Planning a Road Trip: Checklist for a Road Trip

Know How to Prepare for a Road Trip Adventure

Road trip photo

The classic American vacation--a road trip--is a fun way to get to know the country better, and get away from it all to places you never thought possible. With airline travel growing even more complicated, inconvenient and uncomfortable than ever, it might be time for you to turn your vacation into a road trip. Don't just go from point A to point B; take the scenic route, make detours, follow those signs for the Corn Palace (Mitchell, South Dakota) or the Winchester Mystery House (San Jose, California) and see what happens! Now, while you don't need to plan too carefully--part of the romance of a road trip is the spontaneity--taking time to do a little organization will help to oil the gears, as it were, and make your ride go much more smoothly. These travel tips will help you prepare a checklist for a road trip adventure. 

  1. Care for Your Car: If you plan on using your own vehicle, make sure to get it checked out--by a professional mechanic preferably, or your mechanically inclined friend if you're feeling particularly trusting--before you go. Make sure you take care of those minor tune-ups because hard driving will not only exacerbate little problems, but can create entire new ones, and you don't want to find yourself stranded somewhere outside of Truckee in the middle of July with an overheated engine. Also important: Are your license and registration current? How about your insurance? Don't buckle in your seatbelt until you're sure you're prepared for minor emergencies or any encounters with authority. 
  2. Go Rental: Don't have a car? Still determined to drive? Rent something. You can get deals directly through companies like Avis, Enterprise or Budget, or check out sites like Travelocity or Expedia, where they do comparison searches according to your parameters in order to find you the best deal. Rental cars have insurance, and are guaranteed to be road-ready the second you start the engine, so you should be as safe as your driving allows. This can get expensive, but taking the responsibility of car ownership off you can definitely be worth it.
  3. Educate Yourself: Do you know how to change a flat tire? Have you got a spare in your trunk? Regular drivers should know how to perform this relatively simple operation, but for those who don't, get a lesson. You might also want to brush up on your oil-changing skills while you're at it. Too busy? Bring a friend who can do it for you; alternatively, check your insurance to see what kind of roadside service the company offers.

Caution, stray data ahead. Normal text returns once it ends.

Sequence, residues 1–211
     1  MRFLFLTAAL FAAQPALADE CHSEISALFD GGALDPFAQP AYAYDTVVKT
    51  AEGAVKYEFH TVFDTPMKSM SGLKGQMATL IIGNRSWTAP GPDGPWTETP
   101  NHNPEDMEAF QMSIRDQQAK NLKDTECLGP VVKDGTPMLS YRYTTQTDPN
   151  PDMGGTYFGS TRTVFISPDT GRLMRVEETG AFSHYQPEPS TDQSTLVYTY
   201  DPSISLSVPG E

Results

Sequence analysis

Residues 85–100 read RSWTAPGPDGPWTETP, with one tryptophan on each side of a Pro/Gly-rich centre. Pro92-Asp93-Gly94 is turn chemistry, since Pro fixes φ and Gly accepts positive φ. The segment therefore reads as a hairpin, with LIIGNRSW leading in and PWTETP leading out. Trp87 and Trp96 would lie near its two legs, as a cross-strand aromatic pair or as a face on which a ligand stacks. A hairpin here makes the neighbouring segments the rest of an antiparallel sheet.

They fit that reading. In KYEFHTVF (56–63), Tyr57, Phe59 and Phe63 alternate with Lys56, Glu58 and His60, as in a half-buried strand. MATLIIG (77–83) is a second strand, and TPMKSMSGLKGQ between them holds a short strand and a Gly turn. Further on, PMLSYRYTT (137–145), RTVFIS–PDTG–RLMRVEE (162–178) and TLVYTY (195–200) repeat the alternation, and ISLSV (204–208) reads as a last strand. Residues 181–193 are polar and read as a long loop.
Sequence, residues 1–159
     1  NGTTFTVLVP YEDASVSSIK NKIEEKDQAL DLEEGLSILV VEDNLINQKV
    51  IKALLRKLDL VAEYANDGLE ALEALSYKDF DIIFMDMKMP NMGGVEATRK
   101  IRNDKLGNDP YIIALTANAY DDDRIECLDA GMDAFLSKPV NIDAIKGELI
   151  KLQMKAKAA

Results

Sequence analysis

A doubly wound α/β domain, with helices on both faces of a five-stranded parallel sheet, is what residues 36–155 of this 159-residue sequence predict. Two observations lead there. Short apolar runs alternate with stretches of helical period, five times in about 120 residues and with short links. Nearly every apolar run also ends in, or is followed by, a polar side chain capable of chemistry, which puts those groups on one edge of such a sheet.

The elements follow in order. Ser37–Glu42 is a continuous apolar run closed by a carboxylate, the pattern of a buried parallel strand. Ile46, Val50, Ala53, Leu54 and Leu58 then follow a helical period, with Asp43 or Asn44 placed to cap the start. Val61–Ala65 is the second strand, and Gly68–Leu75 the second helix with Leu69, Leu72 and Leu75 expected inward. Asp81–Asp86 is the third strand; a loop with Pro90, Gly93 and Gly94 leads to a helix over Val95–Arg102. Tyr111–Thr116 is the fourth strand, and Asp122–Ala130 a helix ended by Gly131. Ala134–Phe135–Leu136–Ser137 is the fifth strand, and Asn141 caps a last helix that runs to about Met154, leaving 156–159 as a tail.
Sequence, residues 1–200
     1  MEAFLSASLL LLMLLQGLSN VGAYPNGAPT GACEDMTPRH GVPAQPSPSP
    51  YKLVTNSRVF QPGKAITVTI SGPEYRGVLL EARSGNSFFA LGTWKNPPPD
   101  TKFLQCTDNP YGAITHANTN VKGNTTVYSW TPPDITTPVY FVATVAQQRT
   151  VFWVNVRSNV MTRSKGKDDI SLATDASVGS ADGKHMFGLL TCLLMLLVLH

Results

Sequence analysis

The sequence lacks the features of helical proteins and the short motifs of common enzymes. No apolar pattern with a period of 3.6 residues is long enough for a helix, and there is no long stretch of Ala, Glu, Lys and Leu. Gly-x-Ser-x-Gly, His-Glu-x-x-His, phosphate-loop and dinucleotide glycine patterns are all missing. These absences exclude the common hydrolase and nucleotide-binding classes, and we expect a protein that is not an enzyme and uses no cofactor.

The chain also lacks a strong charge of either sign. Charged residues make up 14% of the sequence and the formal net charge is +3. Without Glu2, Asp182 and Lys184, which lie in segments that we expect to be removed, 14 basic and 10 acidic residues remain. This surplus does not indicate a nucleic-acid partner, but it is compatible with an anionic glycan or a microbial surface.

4. Automotive Alternatives: Typically a road trip is done by car, but if you don't have a vehicle of your own, and don't want to rent or borrow one, you can always hop on a bus. Greyhound has lines that cover the North American continent, and if you want to see the road without having to watch it, go Greyhound. There are numerous local bus lines to take you through interesting parts of different states as well, which you can find with a simple online search for "bus lines." Such a search on Google, for example, garners 59 million hits.
  5. Get a Guide: And a map! Go to the bookstore, shop online, pop into the gas station liquor store, but get good maps of everywhere you plan on being. This doesn't mean you have to plan your route down to the cul de sac, but should you find yourself on the fourth detour of the day, you'll want to be able to find your way back to the freeway before it gets too dark and lonely. This is where a good navigator comes in very handy; if you didn't already appreciate the company after three hours of wheat fields, you will when you get to the evening's motel without backtracking.
  6. Make a Budget: If money is not an issue, you can skip this step; otherwise, decide how much you're willing to spend on gas, shelter, food, and tacky souvenirs, and divide it by the number of days you'll be on the road. Somewhere in the neighborhood of $40 per day seems reasonable, but if you think you can live on cheese crackers and bottled water for 10 days, feel free to use a narrower guideline. The important thing here is to be able to travel without emptying your bank account.
  7. Bring Supplies: You'll get thirsty. You'll get hungry. You'll get bored. Bring a cooler so you can carry perishable snacks and keep the drinks cold. Make sure you stock up during pit stops or in town detours (grocery stores are much cheaper and have a wider variety of comestibles than the gas station); hungry drivers do not good drivers make. If you're willing to chance it, use the radio to learn about the places you're driving through, but remember that from the great flat expanses of the Midwest to the sharp drops and hairpin turns of the Sierra Nevadas, radio dead zones are everywhere. Bring along an MP3 or CD player you can play through the car stereo; be creative and make some driving mixes (or have your navigator do it). And remember: Maps, maps, maps!

These travel tips and checklist for a road trip adventure will help you prepare for a road trip. Good luck!


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